Late this month, Norwalk Hospital’s Anne P. and Harold McGraw, Jr. Center will open in phases, bringing four new, clinically based areas to the existing structure of the hospital.
“The hospital is very excited about this opportunity,” says Jim Haynes, Vice President of Operations at the hospital. “It’s the next milestone.”
The pavilion is named in honor of the McGraw family, in recognition of a $10 million gift from the Harold W. McGraw, Jr. Family Foundation. Sue, Terry and Bob McGraw made the gift as part of their commitment to Norwalk Hospital, and to continue their late parents’ belief in ensuring the entire community has high-quality medical care, regardless of the ability to pay.
The two other main endowments came from George and Carol Bauer of Wilton, with a $2.5 million gift for the new and expanded Bauer Center for Emergency Care, and from the Whittingham family of Stamford, with a $2.5 million gift for the new C. Anthony and Jean Whittingham Cancer Center.
“The pavilion,” Haynes says, “named for the McGraw family, represents a transformational opportunity to take advantage of offering better ambulatory care.”
Some of its four areas are expansions upon existing hospital facilities; others are consolidations into the new pavilion entirely.
Each represents a step into the future:
• Emergency Department: A double trauma room, rooftop helipad and pediatric and mental health areas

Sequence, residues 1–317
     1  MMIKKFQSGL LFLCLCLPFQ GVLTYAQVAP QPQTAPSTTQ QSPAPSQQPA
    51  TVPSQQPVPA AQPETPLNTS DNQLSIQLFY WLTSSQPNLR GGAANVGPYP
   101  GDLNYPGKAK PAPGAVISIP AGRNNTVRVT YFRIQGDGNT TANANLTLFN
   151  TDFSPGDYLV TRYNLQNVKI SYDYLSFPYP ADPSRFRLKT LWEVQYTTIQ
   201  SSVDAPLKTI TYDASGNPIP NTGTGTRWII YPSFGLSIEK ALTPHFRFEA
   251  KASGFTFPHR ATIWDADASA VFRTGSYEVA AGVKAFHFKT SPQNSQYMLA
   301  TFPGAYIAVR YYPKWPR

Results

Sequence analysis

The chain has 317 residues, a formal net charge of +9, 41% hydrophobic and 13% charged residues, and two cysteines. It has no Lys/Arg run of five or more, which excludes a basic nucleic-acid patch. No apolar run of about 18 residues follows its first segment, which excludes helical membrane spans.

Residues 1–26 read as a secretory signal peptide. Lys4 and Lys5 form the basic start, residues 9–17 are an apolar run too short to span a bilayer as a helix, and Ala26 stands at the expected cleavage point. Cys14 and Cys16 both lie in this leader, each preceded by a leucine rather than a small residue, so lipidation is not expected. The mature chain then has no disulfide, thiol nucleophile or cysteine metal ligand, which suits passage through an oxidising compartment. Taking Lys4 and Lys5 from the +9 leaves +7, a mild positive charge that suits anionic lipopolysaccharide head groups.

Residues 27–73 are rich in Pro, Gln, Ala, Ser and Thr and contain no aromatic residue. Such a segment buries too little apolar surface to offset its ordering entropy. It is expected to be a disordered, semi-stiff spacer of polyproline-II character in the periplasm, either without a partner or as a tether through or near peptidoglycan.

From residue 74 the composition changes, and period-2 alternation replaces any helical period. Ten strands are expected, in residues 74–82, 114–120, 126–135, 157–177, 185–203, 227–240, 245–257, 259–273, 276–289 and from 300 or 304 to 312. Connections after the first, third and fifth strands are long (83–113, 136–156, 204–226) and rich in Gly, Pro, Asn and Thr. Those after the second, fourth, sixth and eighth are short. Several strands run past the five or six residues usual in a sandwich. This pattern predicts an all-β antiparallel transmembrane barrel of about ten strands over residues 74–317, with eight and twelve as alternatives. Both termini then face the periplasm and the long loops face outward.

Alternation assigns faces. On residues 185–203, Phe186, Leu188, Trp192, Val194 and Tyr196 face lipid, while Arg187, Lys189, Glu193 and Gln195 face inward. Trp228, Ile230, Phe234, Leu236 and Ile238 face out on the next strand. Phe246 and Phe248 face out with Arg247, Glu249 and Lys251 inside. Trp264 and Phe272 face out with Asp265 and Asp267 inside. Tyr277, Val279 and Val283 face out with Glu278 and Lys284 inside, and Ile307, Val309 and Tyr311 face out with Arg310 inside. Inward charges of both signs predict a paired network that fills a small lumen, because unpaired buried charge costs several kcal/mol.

• Cancer Center: More spacious, serene treatment areas, a healing garden and services consolidated in a single area
• Ambulatory Surgery Department: Expanded patient intake, recovery and family waiting areas
• Digestive Diseases Center: Larger screening and treatment rooms to improve patient experience and accommodate new technology
“The Emergency Department will have construction in the new space as well as an expansion from the old space,” Haynes notes. “So, it will have nearly twice the space … and patients will have all private rooms.”
Ambulatory/Outpatient Surgery, too, will be a combination of new and renovated space. The Comprehensive Cancer Center, however, will now be entirely in the new pavilion.
“As the current services are in some of our oldest buildings,” Haynes continues, “by doing this we can upgrade to the most state-of-the art technology.”
This area is set to open this fall. In late-February or early March, the Digestive Disease Unit—on the fifth floor of new pavilion—will open, a consolidation into a single unit, with an update in technology.
“To have those donors meant we were able to consider and do this,” Haynes continues. “Without them, it would be difficult to get out of the gate. Doing so allowed us to get equipment. …And it is some of the most technologically advanced equipment there is. It’s a great opportunity for the community: Our goal is to create convenience for our patients, and comfort, and to provide enhanced patient privacy. This allows us to continues to grow and meet the community’s needs.”